As a Slavic language, Macedonian traces its origins back to the language of the Slav people, who migrated from Old Poland and settled throughout Eastern Europe in the 6th century AD. Three primary Slavic language groups emerged as the Slav peoples resettled: Eastern, Western, and Southern.

Macedonian originated from this last group. The first Slavic language of literacy was one developed by the missionaries Cyril and Methodius around the 9th century AD, who hoped to bring their religion to the Slavic-speaking peoples of the Eastern European regions.

Macedonia in World War II

During World War II, Germany and the Axis allies, including Bulgaria, conquered and divided the union of Yugoslavia, which included present-day Macedonia. Resistance against the Bulgarian occupation that ensued quickly grew under the leadership of Josip Broz Tito. In 1943 Tito proclaimed that the Macedonians made up a distinct nation and were entitled to their own republic in postwar Yugoslavia.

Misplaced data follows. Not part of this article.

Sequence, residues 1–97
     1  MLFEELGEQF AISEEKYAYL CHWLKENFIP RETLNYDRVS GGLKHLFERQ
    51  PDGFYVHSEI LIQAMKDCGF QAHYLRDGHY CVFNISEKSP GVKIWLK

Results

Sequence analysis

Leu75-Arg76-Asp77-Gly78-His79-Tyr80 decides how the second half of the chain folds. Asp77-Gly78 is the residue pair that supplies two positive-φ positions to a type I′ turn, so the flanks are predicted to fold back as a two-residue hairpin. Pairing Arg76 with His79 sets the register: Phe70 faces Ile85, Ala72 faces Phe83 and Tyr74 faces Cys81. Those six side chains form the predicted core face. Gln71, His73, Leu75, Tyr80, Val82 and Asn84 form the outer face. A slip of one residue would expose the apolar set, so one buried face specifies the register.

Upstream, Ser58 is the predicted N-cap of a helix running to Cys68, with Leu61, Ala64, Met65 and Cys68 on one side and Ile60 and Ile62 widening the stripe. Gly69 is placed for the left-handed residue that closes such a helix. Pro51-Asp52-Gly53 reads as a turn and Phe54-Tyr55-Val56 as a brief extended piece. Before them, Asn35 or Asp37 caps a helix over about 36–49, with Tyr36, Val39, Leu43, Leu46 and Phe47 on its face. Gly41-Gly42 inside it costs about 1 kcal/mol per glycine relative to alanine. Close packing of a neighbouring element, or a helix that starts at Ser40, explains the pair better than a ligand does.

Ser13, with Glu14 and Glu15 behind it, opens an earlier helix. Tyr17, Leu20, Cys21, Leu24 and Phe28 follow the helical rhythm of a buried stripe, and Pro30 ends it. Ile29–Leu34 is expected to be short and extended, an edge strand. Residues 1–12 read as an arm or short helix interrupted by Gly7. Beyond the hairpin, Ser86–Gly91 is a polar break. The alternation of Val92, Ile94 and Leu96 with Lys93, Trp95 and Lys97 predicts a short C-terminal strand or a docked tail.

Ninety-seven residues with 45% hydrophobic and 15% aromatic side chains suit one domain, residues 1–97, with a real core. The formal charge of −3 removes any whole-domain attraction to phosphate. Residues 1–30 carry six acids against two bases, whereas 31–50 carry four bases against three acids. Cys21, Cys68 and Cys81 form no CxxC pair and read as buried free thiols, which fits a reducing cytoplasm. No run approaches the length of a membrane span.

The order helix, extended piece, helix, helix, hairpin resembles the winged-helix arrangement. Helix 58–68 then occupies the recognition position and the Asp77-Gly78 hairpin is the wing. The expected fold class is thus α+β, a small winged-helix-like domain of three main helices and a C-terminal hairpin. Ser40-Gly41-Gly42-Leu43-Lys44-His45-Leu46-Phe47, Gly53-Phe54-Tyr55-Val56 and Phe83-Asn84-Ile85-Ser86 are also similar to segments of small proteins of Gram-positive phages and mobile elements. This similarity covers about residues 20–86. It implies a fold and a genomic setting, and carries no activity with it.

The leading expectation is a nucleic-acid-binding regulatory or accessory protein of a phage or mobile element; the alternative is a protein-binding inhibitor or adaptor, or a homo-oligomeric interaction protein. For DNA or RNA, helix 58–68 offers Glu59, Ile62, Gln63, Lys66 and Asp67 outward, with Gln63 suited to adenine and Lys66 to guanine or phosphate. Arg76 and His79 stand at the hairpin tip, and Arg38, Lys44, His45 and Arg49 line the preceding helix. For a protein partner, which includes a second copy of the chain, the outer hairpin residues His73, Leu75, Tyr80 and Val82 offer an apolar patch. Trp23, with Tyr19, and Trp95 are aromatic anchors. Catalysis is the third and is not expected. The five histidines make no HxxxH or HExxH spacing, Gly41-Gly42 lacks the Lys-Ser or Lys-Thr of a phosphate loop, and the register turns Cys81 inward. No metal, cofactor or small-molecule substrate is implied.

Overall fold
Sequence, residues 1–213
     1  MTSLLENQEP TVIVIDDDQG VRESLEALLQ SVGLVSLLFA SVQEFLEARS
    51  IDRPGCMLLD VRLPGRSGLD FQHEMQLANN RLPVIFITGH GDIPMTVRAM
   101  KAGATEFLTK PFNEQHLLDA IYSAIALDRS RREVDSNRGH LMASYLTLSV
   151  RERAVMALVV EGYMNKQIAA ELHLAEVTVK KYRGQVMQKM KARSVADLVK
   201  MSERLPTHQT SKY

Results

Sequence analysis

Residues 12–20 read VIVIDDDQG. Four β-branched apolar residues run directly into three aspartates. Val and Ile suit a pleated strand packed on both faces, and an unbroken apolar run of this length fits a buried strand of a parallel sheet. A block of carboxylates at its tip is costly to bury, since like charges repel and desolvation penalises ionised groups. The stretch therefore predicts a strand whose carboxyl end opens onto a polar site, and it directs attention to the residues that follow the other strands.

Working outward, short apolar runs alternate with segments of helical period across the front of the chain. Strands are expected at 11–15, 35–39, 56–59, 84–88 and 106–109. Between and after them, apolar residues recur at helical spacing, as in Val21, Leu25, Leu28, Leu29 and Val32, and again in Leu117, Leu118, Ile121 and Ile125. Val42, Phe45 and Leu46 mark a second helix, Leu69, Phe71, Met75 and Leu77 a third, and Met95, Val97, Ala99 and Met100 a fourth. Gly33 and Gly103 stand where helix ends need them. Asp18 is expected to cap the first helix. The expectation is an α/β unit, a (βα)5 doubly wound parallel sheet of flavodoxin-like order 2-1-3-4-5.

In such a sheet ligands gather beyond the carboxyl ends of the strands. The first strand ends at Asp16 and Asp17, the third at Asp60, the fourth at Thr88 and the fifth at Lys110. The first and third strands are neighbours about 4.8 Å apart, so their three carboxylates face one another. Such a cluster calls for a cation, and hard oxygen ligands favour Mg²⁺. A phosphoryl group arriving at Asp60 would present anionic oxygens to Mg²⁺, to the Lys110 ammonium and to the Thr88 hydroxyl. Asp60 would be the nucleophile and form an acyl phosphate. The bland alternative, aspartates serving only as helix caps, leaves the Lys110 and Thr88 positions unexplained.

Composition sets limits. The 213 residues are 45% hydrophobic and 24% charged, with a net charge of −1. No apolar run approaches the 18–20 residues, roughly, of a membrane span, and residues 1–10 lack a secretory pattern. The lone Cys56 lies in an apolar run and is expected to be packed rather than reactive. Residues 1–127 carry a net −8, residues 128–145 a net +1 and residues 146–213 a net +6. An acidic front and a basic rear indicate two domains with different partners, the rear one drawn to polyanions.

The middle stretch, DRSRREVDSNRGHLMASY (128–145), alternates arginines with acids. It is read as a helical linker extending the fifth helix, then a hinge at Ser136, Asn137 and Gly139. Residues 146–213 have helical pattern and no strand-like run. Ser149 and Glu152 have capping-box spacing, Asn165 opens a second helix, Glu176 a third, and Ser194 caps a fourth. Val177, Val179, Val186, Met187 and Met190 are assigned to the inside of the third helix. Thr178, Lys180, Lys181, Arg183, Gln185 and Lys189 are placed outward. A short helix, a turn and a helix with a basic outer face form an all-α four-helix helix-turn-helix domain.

By 1945, Tito had reestablished Yugoslavia as a federal state comprised of six republics, among them Yugoslav Macedonia. Tito maintained control until his death in 1980, a time when Yugoslav Macedonia was being hit by a difficult economic crisis.

Standardization of the Macedonian Language After World War II

Despite the fact that a Macedonian literary culture can be dated back to the 18th century, Macedonian as a standardized official language dates only from 1944, the year Macedonian was declared the official language of Yugoslav Macedonia. In the years that followed, the Macedonian language was quickly standardized.